Therapy, motivation, and change

I saw an article referencing studies finding that therapy may have a desired effect for only about half of the clients.

The article frames this as a surprisingly low number, although I tend to be surprised it’s that high.

The number will obviously depend on how it is measured, and it also depends on what people wish to work on and what methods they use.

For instance, there are effective methods for phobias, while depression and trauma may be more difficult and take a longer time.

Also, over time, many psychological issues dissolve or lift on their own anyway.

What I have seen is that motivation is key. If we are highly motivated to change, we’ll find a way. A good match with methods and therapists is obviously important, but if the motivation is there we often find a way no matter what. And if we lack motivation, even the best methods, the best therapists, and the best match is not enough for change and transformation.

I have also found that for more general and deeper shifts in how we relate to life, certain daily practices are often more effective than most forms of therapy. For instance using heart-centered practices like tonglen and ho’oponopono, or all-inclusive gratitude practices. A sincere daily practice obviously requires motivation.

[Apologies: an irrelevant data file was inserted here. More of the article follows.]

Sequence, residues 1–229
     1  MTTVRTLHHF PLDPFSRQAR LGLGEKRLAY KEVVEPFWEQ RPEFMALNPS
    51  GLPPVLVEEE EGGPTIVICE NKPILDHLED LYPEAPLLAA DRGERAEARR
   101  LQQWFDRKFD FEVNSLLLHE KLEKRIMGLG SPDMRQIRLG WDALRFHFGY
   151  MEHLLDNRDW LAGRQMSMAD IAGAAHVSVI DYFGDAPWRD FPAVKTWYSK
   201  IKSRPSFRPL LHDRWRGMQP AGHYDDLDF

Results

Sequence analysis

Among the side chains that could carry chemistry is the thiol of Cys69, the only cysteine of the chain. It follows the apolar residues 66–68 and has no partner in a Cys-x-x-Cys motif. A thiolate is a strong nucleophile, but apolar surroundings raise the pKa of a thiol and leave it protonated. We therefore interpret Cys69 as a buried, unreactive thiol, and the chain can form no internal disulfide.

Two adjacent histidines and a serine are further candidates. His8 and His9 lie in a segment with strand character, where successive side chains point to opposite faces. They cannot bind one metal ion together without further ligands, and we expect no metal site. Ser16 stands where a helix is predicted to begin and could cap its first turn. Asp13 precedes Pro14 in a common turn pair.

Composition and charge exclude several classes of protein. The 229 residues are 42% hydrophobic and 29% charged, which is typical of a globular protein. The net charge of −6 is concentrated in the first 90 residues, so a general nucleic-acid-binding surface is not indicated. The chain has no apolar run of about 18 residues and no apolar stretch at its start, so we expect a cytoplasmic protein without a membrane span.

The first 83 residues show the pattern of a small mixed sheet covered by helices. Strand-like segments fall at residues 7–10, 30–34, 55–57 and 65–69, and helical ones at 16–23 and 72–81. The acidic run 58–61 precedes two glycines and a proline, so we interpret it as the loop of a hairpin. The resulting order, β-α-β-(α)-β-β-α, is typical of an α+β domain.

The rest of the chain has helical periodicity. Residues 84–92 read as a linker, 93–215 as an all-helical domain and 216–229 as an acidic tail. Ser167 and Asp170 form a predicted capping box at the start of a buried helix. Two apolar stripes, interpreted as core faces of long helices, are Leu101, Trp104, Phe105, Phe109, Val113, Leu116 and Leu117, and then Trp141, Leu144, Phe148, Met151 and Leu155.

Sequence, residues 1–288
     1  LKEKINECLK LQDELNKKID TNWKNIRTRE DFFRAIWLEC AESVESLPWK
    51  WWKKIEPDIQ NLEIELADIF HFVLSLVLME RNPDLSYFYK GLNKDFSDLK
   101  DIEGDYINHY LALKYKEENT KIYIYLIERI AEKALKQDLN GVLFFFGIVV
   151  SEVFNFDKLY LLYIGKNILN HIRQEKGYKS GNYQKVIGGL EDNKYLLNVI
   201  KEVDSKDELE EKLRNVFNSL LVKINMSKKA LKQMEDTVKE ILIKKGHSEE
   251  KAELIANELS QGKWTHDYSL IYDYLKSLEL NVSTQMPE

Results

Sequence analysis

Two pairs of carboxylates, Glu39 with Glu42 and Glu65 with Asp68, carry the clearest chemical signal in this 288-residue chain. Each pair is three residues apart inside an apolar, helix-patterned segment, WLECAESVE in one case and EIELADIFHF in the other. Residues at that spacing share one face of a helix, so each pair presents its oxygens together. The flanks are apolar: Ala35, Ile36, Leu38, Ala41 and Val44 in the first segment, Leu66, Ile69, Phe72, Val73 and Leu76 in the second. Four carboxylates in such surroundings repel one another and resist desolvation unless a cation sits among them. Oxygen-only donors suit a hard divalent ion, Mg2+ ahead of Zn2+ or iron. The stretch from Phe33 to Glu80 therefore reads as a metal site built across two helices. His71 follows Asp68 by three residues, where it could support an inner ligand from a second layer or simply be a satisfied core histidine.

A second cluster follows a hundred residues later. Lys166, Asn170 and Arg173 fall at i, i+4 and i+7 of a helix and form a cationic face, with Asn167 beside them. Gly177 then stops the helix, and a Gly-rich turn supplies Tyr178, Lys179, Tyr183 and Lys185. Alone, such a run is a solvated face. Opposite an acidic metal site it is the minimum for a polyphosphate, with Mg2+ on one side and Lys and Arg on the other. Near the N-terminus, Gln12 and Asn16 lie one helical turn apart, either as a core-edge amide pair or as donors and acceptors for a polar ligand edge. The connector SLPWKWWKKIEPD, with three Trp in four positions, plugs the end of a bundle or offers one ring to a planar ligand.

So where does the motivation come from? What creates a strong motivation?

The main answer, which is not so satisfying in itself, is that it comes when we are ripe and ready.

How can we become ripe? Often, it’s through life experiences over time and through being sincere and honest with ourselves.

And we can invite some of that ripeness and readiness by investigation.

For instance…

What am I afraid would happen if this changed or I was transformed?

What I am afraid could happen if I explore it?

What am I afraid would happen if I found healing for it?

What’s the effect of living as I do? What are the specifics? How does it show up in the different areas of my life? How does it impact my relationship with others? How do I act and live my life with this issue?

How would it be if it wasn’t here? How may my life be?

As with so much, taking an honest and detailed inventory of what’s happening is often a prerequisite for real change.

When we viscerally get that the pain and discomfort of staying the same is greater than the pain and discomfort of change, we tend to be ready and ripe for change.


  • therapy, motivation, and change
    • therapy itself may not bring about much change
    • can give insights but often not any real transformation
    • the key, from what I have seen, is motivation
    • if there is real motivation, there is often real change and transformation
    • see that the pain/discomfort of not changing is greater than any pain/discomfort of changing
    • we find a way, almost no matter what therapy, therapist etc.
    • also, daily practice and heart-centered practice can bring about more change than most forms of therapy

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